Issues in Science and Technology Librarianship
Access to Medical Knowledge: Libraries, Digitization, and the Public Good. Frances K. Groen. Lanham, MD: Scarecrow Press, Inc., 2007. 281 p. ISBN 0-8108-5272-1. $55.00 Paperback.
As medical libraries face the challenges of emerging technologies, new service paradigms, and shifting scholarly communication models, the fundamental values that form the foundation of medical librarianship become increasingly important. Frances Groen's book successfully reminds medical librarians of the connection between these core values and the services they provide and choices they make in serving the public good. A highly respected medical librarian, Groen has served as President of the Medical Library Association and has extensive experience as head of McGill University's medical library and curator of the history of medicine at the Falk Library of the Health Professions, University of Pittsburgh.
The book is divided into four parts. Part I -- Librarians and Their Values -- addresses the three core values of the library profession -- access to information for all who need it, promotion of literacy, and preservation of the accumulated wisdom of the past. Groen makes the case that these values provide a conceptual framework for the practice of the profession when it is in such transition due to information technology and electronic information.
Part II -- The Origin of Medical Librarianship -- examines the history of medical librarianship, beginning with the late 19th century and the work of John Shaw Billings on the Library of the Surgeon General's Office and the Index-Catalogue and Sir William Osler's commitment to medical libraries. The history of medical libraries in the 20th century includes discussion of the MLA Medical Library Exchange program, the negative impacts of World War I and II on medical libraries, and the establishment of the National Library of Medicine and Index Medicus. A fascinating description of the dialogue between medical librarians and publishers in the 1930's about the high cost of medical literature is of particular note.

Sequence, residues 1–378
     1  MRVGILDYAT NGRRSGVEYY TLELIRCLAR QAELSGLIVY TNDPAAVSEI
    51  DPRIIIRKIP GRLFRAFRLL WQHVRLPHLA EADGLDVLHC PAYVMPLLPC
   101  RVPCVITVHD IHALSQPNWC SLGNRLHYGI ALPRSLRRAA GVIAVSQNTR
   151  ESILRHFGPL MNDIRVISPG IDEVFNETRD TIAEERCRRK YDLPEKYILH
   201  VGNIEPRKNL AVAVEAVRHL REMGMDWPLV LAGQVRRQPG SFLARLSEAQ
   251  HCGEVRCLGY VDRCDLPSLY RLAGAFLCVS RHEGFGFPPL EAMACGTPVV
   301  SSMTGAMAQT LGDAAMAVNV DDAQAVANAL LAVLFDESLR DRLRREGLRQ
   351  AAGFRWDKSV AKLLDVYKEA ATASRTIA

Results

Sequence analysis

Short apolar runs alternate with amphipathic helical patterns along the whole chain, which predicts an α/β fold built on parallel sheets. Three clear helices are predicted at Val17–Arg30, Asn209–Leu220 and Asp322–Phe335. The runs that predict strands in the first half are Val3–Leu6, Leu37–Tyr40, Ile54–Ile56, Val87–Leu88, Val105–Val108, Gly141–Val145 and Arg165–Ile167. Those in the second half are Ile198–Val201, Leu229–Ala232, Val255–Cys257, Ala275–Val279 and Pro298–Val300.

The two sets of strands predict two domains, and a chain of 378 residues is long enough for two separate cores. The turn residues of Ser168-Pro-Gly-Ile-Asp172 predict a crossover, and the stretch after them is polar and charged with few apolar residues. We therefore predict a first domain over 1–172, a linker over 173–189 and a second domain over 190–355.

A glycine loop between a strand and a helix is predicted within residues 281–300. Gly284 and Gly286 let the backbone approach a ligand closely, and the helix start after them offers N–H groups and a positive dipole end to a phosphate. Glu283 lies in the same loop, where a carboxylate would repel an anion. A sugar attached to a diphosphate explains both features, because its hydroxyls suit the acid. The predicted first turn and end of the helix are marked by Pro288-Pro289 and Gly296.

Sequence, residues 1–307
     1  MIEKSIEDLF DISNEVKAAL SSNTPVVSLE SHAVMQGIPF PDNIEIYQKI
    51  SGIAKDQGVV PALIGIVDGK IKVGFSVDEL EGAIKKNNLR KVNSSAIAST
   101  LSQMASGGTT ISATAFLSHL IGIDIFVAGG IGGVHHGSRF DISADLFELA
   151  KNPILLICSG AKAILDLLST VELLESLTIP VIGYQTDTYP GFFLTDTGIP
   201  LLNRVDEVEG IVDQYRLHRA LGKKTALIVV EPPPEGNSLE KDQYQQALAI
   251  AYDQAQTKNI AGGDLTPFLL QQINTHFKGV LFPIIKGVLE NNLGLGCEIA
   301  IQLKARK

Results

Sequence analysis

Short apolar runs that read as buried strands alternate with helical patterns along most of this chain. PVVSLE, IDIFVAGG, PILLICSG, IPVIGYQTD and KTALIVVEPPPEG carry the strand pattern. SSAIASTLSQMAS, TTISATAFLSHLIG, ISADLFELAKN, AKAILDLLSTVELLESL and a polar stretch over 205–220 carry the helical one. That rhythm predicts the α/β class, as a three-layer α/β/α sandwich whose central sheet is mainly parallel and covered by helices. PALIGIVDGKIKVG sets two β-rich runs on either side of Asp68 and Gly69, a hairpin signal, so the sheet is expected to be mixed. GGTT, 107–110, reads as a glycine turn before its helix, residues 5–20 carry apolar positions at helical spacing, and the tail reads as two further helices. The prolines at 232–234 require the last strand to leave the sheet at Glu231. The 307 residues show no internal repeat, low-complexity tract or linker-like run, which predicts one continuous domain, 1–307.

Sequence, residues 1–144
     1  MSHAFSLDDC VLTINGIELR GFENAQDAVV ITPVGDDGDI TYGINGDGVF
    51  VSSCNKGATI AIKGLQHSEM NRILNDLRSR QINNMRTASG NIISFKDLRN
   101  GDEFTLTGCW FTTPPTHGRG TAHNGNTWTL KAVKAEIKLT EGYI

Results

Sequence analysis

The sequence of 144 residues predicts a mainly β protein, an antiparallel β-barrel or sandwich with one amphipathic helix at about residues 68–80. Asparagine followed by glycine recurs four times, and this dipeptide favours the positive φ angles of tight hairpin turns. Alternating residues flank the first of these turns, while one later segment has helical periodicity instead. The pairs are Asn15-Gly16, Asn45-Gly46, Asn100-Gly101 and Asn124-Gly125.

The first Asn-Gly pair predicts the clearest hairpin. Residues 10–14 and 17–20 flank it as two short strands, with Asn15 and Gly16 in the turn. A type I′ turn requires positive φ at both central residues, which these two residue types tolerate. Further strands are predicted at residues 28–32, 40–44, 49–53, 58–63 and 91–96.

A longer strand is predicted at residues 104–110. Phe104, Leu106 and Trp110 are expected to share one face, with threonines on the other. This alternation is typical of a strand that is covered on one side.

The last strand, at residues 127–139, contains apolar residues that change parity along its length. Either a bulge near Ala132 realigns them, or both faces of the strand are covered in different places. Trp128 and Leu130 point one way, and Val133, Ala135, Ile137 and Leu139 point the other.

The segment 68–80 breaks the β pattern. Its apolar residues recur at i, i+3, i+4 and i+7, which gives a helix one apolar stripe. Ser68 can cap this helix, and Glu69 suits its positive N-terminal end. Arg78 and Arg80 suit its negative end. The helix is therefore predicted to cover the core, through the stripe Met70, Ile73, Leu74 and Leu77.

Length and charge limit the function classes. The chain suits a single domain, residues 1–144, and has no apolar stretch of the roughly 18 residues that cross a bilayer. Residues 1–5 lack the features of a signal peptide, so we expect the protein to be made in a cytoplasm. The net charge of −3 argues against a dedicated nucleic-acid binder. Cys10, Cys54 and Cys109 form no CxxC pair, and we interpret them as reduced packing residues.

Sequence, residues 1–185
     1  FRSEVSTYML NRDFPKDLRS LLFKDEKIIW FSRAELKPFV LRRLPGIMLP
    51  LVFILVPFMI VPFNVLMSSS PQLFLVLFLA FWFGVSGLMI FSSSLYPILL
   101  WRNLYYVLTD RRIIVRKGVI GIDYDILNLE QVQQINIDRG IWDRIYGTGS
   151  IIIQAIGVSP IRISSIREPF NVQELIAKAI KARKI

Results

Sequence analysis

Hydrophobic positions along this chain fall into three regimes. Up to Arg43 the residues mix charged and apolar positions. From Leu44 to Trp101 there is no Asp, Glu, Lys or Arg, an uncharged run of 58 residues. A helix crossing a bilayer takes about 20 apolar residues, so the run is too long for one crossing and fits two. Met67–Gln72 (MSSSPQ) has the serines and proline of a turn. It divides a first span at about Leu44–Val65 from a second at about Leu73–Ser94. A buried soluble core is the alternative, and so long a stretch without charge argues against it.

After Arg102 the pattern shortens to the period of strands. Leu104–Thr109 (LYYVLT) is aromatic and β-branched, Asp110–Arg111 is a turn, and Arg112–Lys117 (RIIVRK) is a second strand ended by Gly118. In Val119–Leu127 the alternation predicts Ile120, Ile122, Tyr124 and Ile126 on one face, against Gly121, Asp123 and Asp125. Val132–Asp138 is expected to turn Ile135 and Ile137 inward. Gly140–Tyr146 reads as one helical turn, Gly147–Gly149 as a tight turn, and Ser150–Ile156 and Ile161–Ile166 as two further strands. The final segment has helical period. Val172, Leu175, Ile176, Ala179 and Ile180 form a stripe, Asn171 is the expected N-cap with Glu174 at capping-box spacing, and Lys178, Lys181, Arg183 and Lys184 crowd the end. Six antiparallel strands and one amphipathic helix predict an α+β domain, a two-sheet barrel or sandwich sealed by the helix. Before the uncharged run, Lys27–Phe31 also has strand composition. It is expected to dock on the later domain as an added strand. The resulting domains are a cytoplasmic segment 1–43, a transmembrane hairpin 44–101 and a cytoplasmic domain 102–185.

Part III -- Medical Libraries in the Age of the Internet -- is an interesting historic overview of the information communications and technology revolution and its relationship to changes in scholarly communication and medical libraries. This section also addresses how the universal availability of Medline and MedlinePlus revolutionized consumer health information services in medical libraries. Groen covers the proactive work of medical librarians in health information literacy and clinical information delivery and calls on them to engage in research about the impact of these services on medical outcomes.
Part IV -- Is There a Better Way? -- covers the economics of medical and scientific publishing and the impact of commercial publishing on libraries. Groen critically examines the pros and cons of the "Big Deal" concept and the erosion of the "fair use" concept. She also covers the history of the open access movement and the control of copyright.
In the conclusion, Groen recommends strategies for negotiating with publishers, and calls on medical librarians to raise awareness of open access publishing, establish institutional repositories, strengthen clinical information delivery, and preserve the history of the health sciences.
This book is a refreshing and inspirational read for medical librarians. It is also highly recommended for academic librarians as well as library science educators who teach courses in medical/science librarianship and core courses which address scholarly communication and professional values.